Little did I know, of course, in those days how far I would have to travel and through how many changes I would need to make before arriving where I am. Over thirty years later and the spiritual journey of a lifetime I found myself, this morning, standing on the lawn of this church and asking God’s blessing on them in thanks for how they helped me along the way at a crucial point in my journey.

If Pastor Korthals is still alive I’m not sure what he would say about the path that I’ve traveled. I hope he would understand that the same earnest young man who came to him with questions and was searching for God has kept on the path, although in a way we both probably couldn’t have imagined. And I hope that he and the good people at First Assembly of God, Bemidji, would know that I was, and am, grateful for the gifts they shared with me along the way. Wherever I have traveled being with them was an essential part of the journey.

You see, some people do look down on what they consider the excesses of the Pentecostal experience and faith. Too emotional, they would say. Too susceptible to “fads” cloaking themselves as moves of the Spirit. Sometimes just plain too noisy. Some or all of that may have some substance from time to time but there are things they taught me that have graced all my life and flowed easily as I traveled towards Orthodoxy and are even, dare I say, worth our consideration.

First, it’s okay to love God, to really love God, even with your emotions. Your emotions are part of who you are and yes, they can be unstable sometimes but they can also be used of God and I don’t think it would hurt us as Orthodox if we loved God not just as a formality but also with a sense of feeling.

Second, we need the power and presence of the Holy Spirit in our own lives and the life of the Church.  So often we plan the life of our parishes like a business and forget we are a movement whose goals and methods need to be filled with the reality that the Holy Spirit can accomplish what a purely and perpetually practical outlook would never imagine. We see this, of course, in the lives of our Saints but for the most part I wonder if we’ve forgotten that what we see in the Saints is also for us here and now if we would open our hearts and lives to it. Sometimes we may think the Pentecostals go overboard on this but even if that’s true it doesn’t mean we should throw the baby out with the bath water. Some times we have so little but the reason for that is because our hearts and lives and resources are closed off to the possibility that the Holy Spirit is waiting to do something amazing through us.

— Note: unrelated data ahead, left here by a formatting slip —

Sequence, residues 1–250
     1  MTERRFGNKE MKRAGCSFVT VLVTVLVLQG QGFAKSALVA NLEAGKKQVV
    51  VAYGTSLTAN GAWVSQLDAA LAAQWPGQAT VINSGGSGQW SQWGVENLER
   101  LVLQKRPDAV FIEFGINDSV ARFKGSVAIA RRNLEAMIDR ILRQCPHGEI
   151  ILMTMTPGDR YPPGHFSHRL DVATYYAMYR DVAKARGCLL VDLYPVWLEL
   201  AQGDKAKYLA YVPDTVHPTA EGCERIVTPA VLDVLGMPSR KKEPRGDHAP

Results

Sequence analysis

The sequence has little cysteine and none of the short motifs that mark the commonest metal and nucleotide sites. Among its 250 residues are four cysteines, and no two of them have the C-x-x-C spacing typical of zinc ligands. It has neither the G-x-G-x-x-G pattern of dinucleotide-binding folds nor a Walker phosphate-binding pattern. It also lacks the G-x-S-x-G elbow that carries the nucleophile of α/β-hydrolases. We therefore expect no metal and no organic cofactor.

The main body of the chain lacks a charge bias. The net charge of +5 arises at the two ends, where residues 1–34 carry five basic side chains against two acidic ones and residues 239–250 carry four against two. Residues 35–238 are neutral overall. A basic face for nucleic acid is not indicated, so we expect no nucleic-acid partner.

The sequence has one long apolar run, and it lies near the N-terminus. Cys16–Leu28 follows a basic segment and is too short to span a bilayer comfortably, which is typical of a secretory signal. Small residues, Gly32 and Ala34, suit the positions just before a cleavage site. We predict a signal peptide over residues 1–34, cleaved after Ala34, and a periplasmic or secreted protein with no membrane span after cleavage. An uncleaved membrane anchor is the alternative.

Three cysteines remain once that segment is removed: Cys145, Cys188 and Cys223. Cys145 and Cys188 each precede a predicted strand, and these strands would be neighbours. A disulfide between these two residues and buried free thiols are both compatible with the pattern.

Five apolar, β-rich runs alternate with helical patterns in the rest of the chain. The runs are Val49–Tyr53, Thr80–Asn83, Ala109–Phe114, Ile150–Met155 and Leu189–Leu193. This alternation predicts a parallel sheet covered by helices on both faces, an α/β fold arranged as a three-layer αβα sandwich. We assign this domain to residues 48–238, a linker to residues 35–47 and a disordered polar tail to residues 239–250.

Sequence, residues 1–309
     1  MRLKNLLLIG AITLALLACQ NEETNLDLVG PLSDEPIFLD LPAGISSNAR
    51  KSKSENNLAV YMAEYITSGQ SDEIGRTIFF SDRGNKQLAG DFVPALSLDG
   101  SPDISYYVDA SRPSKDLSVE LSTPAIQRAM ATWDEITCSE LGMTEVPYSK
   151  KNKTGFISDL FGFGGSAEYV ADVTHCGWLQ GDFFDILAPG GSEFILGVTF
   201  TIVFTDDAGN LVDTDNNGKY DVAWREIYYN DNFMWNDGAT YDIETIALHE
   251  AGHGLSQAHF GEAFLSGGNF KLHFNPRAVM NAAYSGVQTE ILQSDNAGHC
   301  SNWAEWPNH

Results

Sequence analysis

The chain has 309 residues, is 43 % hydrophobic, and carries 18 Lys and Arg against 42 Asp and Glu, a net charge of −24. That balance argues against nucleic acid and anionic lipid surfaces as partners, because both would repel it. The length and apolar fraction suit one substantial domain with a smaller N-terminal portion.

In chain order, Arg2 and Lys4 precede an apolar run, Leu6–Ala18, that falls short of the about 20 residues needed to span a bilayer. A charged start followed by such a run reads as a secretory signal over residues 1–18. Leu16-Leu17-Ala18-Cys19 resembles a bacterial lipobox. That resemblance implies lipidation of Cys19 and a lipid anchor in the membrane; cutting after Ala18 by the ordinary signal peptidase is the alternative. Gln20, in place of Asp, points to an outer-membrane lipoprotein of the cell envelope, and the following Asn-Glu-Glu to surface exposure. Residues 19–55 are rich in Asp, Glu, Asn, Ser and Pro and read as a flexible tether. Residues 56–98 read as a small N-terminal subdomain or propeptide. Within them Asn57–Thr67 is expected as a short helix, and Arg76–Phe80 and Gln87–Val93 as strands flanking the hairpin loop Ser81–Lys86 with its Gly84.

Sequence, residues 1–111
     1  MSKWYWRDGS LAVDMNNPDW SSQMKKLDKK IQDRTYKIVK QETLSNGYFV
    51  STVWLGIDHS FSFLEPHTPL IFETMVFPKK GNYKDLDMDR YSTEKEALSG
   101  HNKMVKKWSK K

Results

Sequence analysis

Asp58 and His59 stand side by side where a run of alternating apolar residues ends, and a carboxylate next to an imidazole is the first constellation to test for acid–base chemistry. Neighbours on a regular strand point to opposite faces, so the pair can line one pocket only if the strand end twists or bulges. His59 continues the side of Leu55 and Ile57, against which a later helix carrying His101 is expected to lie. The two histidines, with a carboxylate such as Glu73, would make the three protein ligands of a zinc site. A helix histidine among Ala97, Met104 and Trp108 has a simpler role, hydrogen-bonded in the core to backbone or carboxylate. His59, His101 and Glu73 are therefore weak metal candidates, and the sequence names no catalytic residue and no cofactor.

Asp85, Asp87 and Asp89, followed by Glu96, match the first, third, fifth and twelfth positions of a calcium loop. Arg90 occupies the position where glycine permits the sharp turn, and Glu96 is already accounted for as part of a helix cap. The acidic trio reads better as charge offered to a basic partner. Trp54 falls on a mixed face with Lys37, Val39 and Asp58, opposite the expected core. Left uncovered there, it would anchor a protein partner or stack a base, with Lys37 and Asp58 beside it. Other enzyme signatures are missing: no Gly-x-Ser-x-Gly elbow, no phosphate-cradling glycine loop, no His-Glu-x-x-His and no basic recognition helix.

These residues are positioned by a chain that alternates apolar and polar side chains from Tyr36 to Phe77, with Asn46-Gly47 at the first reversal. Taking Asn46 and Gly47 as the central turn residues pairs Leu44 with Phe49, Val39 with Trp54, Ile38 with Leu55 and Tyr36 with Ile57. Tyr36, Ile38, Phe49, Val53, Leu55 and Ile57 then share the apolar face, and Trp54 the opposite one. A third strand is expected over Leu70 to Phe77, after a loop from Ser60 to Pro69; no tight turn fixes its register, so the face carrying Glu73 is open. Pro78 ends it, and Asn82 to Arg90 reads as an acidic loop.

Finally, there is a burden for the lost. Yes, First Assembly of God had a lady who would come with a kazoo sometimes but she was welcome and you could have probably come into that church dirty and smelling like booze and still found a place because the people had a heart for those outside their walls who needed to know Jesus. We Orthodox were like that in the very beginning and there have been some noticeable times and places in our history when this was the case but we could do so much better. There’s a reason there’s an Assembly of God in every reasonably sized town, and a few tiny ones, in the United States. The people believe they need to reach out to people for the sake of Jesus and they’re willing to put the time, energy, and resources into the project. If we who claim to have seen the True Light and found the True Faith actually believe this should we not at least try to share this gift? In fact, aren’t we actually commanded by Jesus to do so? We could learn a thing or two, I think, from the Pentecostals in this regard.

Looking back it’s amazing how far God has taken me in the years that followed those days at First Assembly of God. To the causal observer, I suppose, it would seem like I’m a world away. Yet, I’m grateful for that time and that parish and what God was preparing for me through them.  Of course much has changed but there was a fire there that the people sought and tried to keep alive, a fire that was Orthodox in it’s source and longing even if it was sometimes distant in it’s application and that fire has remained. It compelled me to go on from that place but, having been molded and shaped in a more ancient way, still burns inside and for that I am eternally grateful.